Tuesday, September 14, 2010

The Food They Carry


This post is dedicated to Jen K. Stay safe in Iraq.

Ashley Gilbertson – a war photographer who I recognized as Dexter Filkin's colleague in his book, The Forever War (BEST BOOK EVER) – recently wrote an interesting article in The New York Times about the types of food that the troops in Iraq carry. Each country's combat ration hold practical items, but there are also foods that serve to remind a soldier of his home. The American Meals Ready to Eat (M.R.E.) include peanut butter and tortillas; the Swedes and Norwegians have cod stew with sour cream and potato; the Germans have goulash.

Gilbertson also put together a neat interactive where he photographed each country's combat ration and their foods against a lighted-up surface.* I included some of my favorites below. If you have some time, you should take a look at the article and click through the interactive.

United States - I love that they get skittles.


South Korea - Of course there's kimchi.


Ukraine - I really liked how bland and drab this country's food looked compared to all the other countries.

Ashley Gilbertson wrote:
In combat, eating is often the only good thing about a day. When a soldier or marine sits down to warm up his M.R.E., he’s not being shot at, he’s not losing friends. It’s almost a ritual, and the very act of opening one of these packages suggests safety, however brief it may be.

*It's sort of reminiscent of what David Littschwager did with his One Cubic Foot project in National Geographic - where he went to different locations and stuck an alloted space of about cubic foot, then took living organism out to photograph them and made it into a photo collage.


All photos by Ashley Gilbertson/VII Network, For The New York Times.

4 comments:

Jen K said...

Some of the flavors they come up with are a little insane . . . nobody likes the breakfast omelette MRE . . . there is absolutely nothing redeeming about that one, no M&Ms, nothing. I actually really like the tuna one which is a Starkist tuna pouch with assorted goodies.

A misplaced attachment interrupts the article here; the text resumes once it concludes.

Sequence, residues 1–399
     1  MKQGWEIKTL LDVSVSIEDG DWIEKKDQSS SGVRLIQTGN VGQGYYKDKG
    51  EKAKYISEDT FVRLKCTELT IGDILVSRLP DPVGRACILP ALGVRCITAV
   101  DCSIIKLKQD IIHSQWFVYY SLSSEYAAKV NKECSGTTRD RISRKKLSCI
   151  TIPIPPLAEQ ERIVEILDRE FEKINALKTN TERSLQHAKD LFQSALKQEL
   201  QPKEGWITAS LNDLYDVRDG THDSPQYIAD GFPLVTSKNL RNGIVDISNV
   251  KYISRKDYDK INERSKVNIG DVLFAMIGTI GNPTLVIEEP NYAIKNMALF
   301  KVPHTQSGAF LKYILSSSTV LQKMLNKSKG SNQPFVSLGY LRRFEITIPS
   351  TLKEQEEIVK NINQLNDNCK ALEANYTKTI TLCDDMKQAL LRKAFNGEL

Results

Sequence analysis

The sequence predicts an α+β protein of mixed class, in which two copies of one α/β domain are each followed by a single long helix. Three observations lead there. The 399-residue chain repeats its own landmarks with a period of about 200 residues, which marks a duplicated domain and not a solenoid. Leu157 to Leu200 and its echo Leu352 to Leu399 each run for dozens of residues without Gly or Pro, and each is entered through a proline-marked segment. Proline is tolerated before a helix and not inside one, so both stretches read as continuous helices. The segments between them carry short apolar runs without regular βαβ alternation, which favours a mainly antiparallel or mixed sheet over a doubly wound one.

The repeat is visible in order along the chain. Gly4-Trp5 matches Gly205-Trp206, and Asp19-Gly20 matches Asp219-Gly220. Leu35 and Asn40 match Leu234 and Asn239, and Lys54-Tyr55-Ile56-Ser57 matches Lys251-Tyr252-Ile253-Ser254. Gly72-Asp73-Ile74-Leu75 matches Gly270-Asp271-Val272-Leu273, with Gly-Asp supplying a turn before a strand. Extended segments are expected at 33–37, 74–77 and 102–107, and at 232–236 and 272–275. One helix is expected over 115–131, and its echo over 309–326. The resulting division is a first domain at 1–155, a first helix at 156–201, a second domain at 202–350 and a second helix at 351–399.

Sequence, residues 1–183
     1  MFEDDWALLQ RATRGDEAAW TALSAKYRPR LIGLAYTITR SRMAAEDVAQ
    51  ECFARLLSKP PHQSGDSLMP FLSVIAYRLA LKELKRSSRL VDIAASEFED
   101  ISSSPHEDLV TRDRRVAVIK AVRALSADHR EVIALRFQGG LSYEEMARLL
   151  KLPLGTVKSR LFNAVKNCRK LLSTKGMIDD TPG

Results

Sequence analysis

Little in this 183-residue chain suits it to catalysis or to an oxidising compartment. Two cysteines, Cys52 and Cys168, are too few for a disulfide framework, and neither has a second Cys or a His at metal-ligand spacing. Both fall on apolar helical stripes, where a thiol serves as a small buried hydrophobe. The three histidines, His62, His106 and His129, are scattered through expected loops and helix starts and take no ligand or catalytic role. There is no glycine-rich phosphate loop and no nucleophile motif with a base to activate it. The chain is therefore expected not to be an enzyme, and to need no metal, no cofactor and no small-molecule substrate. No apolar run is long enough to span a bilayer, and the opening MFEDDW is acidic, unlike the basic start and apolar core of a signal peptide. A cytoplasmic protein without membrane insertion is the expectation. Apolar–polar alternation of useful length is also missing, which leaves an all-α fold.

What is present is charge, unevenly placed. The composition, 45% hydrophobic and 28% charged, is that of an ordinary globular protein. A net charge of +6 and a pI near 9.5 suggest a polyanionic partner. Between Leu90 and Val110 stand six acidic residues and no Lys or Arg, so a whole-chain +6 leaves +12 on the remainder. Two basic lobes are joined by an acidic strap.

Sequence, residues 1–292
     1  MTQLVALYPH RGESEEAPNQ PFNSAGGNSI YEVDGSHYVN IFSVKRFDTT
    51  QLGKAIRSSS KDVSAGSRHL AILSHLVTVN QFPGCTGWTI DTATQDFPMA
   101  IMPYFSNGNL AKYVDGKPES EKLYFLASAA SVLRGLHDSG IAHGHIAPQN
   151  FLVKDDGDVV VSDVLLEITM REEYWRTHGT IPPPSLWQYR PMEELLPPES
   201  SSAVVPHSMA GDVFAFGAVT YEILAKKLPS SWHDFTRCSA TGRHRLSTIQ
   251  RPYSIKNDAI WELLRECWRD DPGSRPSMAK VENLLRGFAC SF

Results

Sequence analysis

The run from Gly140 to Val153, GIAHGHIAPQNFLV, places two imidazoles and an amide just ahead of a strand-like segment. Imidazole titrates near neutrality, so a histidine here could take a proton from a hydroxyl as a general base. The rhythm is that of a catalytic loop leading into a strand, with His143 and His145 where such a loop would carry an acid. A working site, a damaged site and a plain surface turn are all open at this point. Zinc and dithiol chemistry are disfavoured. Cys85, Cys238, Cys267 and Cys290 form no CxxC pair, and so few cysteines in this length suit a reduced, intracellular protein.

I never heard about the Charms being bad luck like they said in the article . . . then again, I had to eat more MREs in the field as a cadet than as an actual Soldier. When we go to the field, our cooks usually make hot chow for breakfast and dinner, and I'd rather bring my own snacks than eat the MREs. In Iraq, I was fortunate enough to be on a large FOB with a DFAC (dining facility), and our missions involved driving to other large FOBs with DFACs.
Thanks for the shout out! When my dad was stationed in Germany, he worked with other nations sometimes, and I always loved it when he brought home other militaries' rations. It was fun to explore. I kind of wish ours came with liverwurst like the German ones. I also loved the mini Tabasco bottles that came in his - I thought they were really cute when I was 8 or 9, and included them in with my toys.

denesteak said...

Wait, so within each nations food pack, there are also different types of MRE, like a starkist one and a breakfast omelette one (eek... the thought of it being kinda dried = bleh to me)? There isn't just one fixed type of MRE for everyone? Wow.

I really liked that the American one has peanut butter in it, because I remember when I studied abroad in France and Prague, my friends all missed peanut butter terribly (me, I could take it or leave it.)

Jen K said...

There are 24 different meals, they come in cases of twelve so there are two different types of cases to supply them all. They also come with cheese spread (you usually get either peanut butter or cheese or jalapeno cheese) which can be good, but everyone always jokes about the fact the MREs have the possible side effect of constipation.

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